Firefighter Foam Water Contamination Lawsuit Filed By Washington State Utility
A local water district that supplies drinking water to large portions of Washington state indicates the Air Force and a number of chemical and safety equipment manufacturers contaminated the local drinking water supply due to the frequent use of firefighting foams during training exercises and in response to fuel-based fires.
Lakewood Water District filed a complaint (PDF) in the U.S. District Court for the Western District of Washington on July 16, pursuing damages from the United States government, the Department of the Air Force, the Department of the Army, the Department of Defense, 3M Company, Angus International Safety Group, Ltd., Buckeye Fire Equipment Company, Chemguard, Inc., The Chemours Company, Chubb Fire, Ltd., E.I. du Pont de Nemours & Co., Kidde PLC, Inc., Kidde-Fenwal, Inc., National Foam, Inc., Tyco Fire Products LP, Raytheon Technologies Corporation, and UTC Fire & Security Americas Corporation, Inc. .
The lawsuit indicates that use of aqueous film-forming foams (AFFF) used by firefighters at Joint Base Lewis-McChord Air Force Base (JBLM), near Tacoma, led to groundwater contamination which has adversely affected the local water district, which they say has been proven in a number of scientific studies.
Learn More About Firefighting Foam lawsuits
Exposure to firefighting foam chemicals may result in an increased risk of cancer for firefighters, military and airport personnel.
The lawsuit indicates AFFF foam is unreasonably dangerous for its intended use, since it contains Perfluorooctanoic Acid (PFOA) and Perfluorooctanesulfonic acid (PFOS), which are cancer-causing chemicals collectively known as per- and poly-fluoroalkyl substances (PFAS).
“Studies have connected the United States’ use of Manufacturer Defendants’ AFFF to PFAS groundwater contamination at and in the vicinity of JBLM,” the lawsuit states. “The United States’ failure to properly manage, capture, and contain AFFF used at JBLM has resulted in AFFF releases to the environment, including to soil and surface water and in the vicinity of JBLM and the District’s property.”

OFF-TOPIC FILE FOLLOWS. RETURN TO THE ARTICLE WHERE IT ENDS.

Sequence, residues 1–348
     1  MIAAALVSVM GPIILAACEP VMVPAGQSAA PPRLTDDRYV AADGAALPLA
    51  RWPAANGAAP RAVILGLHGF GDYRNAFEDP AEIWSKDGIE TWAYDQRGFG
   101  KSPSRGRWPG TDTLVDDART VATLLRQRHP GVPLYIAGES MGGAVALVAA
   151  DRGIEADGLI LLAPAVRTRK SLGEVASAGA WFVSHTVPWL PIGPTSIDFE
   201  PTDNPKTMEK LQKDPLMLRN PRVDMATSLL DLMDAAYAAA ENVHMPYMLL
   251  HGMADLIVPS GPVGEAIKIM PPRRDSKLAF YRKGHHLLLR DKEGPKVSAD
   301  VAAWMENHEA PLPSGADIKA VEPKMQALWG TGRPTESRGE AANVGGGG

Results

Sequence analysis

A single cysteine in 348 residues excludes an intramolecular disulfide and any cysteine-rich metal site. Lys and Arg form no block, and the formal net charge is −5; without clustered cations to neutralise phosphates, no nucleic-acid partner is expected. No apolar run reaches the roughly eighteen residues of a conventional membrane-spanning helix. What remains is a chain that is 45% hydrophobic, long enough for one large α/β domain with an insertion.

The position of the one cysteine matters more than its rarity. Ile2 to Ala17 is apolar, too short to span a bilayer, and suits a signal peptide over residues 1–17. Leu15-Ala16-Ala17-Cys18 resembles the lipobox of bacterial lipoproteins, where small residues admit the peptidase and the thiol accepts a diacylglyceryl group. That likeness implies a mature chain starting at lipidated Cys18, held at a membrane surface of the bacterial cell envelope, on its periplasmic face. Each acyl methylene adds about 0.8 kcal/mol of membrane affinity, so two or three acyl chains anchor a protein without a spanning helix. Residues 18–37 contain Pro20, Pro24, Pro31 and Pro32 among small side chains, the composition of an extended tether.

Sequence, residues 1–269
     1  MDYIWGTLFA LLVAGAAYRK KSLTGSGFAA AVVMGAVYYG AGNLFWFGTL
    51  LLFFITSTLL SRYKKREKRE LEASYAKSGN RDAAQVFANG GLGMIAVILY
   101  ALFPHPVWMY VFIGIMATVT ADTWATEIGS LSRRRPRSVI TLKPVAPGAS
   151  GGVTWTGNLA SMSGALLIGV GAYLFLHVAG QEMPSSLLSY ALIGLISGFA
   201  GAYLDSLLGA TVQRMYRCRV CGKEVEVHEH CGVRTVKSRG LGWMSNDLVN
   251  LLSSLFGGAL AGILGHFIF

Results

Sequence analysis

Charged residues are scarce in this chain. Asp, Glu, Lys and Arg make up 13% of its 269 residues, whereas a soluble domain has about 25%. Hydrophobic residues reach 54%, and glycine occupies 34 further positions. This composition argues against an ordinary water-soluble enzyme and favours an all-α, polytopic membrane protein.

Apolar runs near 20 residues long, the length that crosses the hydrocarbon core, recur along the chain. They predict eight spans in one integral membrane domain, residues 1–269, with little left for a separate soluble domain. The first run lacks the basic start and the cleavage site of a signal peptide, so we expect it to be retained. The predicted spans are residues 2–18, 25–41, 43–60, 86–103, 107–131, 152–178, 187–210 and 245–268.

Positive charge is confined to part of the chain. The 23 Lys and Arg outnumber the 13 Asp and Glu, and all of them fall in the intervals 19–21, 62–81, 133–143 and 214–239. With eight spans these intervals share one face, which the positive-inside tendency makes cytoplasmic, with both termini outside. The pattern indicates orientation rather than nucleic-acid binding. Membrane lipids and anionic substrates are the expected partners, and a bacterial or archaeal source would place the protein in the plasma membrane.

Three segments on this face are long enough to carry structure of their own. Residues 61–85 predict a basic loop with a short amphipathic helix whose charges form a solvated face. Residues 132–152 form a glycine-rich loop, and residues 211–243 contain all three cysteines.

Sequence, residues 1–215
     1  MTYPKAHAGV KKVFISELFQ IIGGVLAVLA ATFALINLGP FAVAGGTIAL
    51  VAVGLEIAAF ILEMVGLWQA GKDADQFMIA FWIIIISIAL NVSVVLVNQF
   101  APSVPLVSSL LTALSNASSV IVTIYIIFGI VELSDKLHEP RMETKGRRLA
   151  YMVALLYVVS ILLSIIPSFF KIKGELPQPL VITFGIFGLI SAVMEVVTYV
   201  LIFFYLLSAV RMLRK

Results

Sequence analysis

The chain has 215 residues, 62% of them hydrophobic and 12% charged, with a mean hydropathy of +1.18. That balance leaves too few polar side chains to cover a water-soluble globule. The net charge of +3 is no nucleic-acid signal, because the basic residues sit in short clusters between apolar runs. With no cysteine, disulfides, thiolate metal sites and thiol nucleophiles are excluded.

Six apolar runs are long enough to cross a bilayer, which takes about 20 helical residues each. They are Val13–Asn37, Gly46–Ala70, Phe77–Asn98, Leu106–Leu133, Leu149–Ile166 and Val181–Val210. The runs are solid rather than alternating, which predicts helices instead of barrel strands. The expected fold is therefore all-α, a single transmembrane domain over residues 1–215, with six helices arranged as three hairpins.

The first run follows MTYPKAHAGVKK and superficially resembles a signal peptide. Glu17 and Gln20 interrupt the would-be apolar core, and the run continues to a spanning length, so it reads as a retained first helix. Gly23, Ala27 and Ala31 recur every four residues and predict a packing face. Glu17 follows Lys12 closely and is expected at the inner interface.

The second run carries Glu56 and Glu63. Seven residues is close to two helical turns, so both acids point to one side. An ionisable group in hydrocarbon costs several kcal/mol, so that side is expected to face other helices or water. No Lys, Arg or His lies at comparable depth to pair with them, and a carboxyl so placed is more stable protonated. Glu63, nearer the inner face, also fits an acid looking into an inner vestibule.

This resulted in the chemicals finding their way into the District’s down-gradient wells, according to the complaint, which serve about 115,000 municipal water customers.
PFAS were first introduced into the manufacturing industry in the 1940’s, because of their ability to resist heat, grease, stains, and water. However, since then the chemicals have been linked to a myriad of adverse health effects including liver damage, thyroid disease, decreased fertility, high cholesterol, obesity, hormone suppression, and cancer.
In addition to firefighting foams, PFASs are chemical substances used to manufacture a number of products, including food packaging materials, pizza boxes, popcorn bags, fabrics, nonstick cooking pans, and other products. The firefighting foam has been regularly used at military bases nationwide over the past decade during routine fire extinguishing exercises, and is increasingly used by civilian firefighters.
The chemicals are projected to take thousands of years to degrade, and past studies have shown their ability to enter and stay in the environment and human body through the air, dust, food, soil, and water. Previous U.S. Centers for Disease Control and Prevention (CDC) studies have shown PFAS chemicals primarily settle into the blood, kidney and liver, and could likely be detected in the blood of 98% of the U.S. population.
The Lakewood Water District lawsuit calls for injunctive relief, which includes a halt to the use and disposal of AFFF at the base; calls for defendants to install granulated activated carbon filtration systems on District property, to build new wells that draw water from deeper aquifers, and to supply the district’s customers with alternative, uncontaminated water supplies.
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